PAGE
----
Today we sit down with author and blogger, Mary Smith. She is going to tell us about her latest work, her inspiration, and a bit about herself. Please enjoy.
DM: What is the title and genre of the book you want to tell us about?
MS: No More Mulberries is contemporary women’s fiction – though men read and enjoy it, too.
DM: Can you summarize your book in one sentence?
MS: That’s tough to do but here goes. British-born Miriam loves her work in Afghanistan but, concerned about how her Afghan husband Dr Iqbal is changing towards her, she wonders if their marriage can survive.
DM: Who is your intended audience and why should they read your book?
MS: Anyone who is interested in learning about a different culture while enjoying a really good, emotional story at the same time.
Why should they read it? I think I’ll let one of my reviewers answer that question:
“This novel is chock full of Afghanistan culture and is an absolutely brilliant read. It really is hard to believe this is a debut novel. Educational as well as entertaining from a fictional point of view, Mary Smith shares her unique perspective on the politics, culture and people of Afghanistan brought about by her years working in the area. The sights and sounds of the country come alive in this tale and I was engrossed from the start. This is a book which makes you think and also, if you look deeper, gives you answers to questions we ask when faced with a culture which is so different to our own. Mary Smith brought the country of Afghanistan alive for me in a way no news article could ever do.”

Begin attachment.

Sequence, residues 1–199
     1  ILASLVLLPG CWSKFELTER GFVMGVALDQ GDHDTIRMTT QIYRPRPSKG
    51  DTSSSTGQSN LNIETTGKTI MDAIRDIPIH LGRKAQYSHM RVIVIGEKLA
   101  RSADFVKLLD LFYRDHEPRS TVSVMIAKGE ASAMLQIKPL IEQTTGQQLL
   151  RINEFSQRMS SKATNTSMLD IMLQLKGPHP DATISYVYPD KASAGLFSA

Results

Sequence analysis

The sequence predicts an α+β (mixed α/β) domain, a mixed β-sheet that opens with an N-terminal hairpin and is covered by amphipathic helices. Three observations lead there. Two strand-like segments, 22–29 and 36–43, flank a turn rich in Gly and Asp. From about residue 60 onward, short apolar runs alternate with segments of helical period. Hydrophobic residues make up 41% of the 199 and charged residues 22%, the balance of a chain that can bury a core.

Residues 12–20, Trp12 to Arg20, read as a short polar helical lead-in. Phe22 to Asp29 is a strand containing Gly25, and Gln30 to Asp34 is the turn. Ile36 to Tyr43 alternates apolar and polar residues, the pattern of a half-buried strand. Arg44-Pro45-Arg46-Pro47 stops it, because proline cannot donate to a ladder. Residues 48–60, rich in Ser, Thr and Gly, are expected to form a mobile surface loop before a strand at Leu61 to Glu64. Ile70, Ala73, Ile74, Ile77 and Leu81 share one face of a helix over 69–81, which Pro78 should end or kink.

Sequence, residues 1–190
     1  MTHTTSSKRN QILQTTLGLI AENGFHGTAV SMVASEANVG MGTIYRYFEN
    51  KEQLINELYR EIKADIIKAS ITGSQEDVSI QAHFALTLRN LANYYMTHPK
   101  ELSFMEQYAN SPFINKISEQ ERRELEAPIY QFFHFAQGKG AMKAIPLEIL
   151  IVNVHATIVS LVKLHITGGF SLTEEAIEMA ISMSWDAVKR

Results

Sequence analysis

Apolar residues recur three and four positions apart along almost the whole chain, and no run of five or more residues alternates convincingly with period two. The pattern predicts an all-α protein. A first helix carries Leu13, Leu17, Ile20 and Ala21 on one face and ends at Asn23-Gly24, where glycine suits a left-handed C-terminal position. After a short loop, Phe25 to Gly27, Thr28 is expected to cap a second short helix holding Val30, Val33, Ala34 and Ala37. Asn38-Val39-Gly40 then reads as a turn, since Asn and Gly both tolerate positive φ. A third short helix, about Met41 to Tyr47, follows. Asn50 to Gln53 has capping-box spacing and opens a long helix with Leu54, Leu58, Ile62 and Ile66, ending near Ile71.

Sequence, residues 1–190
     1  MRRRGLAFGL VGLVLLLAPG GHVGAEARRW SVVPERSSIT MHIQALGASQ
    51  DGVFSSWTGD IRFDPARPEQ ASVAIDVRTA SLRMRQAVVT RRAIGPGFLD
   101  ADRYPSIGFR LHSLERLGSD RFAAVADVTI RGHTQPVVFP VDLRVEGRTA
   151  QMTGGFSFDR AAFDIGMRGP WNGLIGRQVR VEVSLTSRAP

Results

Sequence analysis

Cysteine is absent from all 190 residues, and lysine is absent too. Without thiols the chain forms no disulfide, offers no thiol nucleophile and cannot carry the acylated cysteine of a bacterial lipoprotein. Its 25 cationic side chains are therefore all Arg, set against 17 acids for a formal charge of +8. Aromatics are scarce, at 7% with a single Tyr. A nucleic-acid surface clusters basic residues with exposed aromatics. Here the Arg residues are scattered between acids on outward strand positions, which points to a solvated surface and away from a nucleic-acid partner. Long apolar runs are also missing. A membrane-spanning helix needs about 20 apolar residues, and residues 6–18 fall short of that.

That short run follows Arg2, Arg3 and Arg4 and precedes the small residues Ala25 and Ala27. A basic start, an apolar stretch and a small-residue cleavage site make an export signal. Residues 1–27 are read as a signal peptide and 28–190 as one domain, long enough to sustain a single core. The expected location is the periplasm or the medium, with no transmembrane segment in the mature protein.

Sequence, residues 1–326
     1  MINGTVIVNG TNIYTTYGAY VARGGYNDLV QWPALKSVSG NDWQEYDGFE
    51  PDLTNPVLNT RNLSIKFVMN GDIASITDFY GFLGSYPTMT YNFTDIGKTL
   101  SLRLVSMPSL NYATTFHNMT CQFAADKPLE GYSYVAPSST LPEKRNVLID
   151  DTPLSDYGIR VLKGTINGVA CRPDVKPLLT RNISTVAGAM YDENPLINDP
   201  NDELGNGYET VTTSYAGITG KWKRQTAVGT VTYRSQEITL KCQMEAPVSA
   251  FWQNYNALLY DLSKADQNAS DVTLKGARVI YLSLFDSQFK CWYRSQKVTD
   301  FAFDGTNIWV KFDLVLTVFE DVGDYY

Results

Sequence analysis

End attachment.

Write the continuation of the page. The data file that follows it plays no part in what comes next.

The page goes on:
DM: How did you come up with the title?
MS: Mulberries were my favorite fruit when I was in Afghanistan so I decided it should be the favorite of Miriam, the central character and then it sort of became a motif and, if she has to leave, there really wouldn’t be any more mulberries.
DM: Tell me about your cover art. Who designed it? Why did you go with that particular image?
MS: It was designed by a graphic artist and web designer called Alan Scott. I liked that it shows the kind of place Miriam lives and the woman could be British or could be Afghan. I am thinking, though, it might be time to update it.
DM: What are your biggest writing influences (another author, another book, a movie, etc.)
MS: The person who made me want to write many, many years ago was Enid Blyton. I so loved her adventure stories I wanted to (and did) write them myself.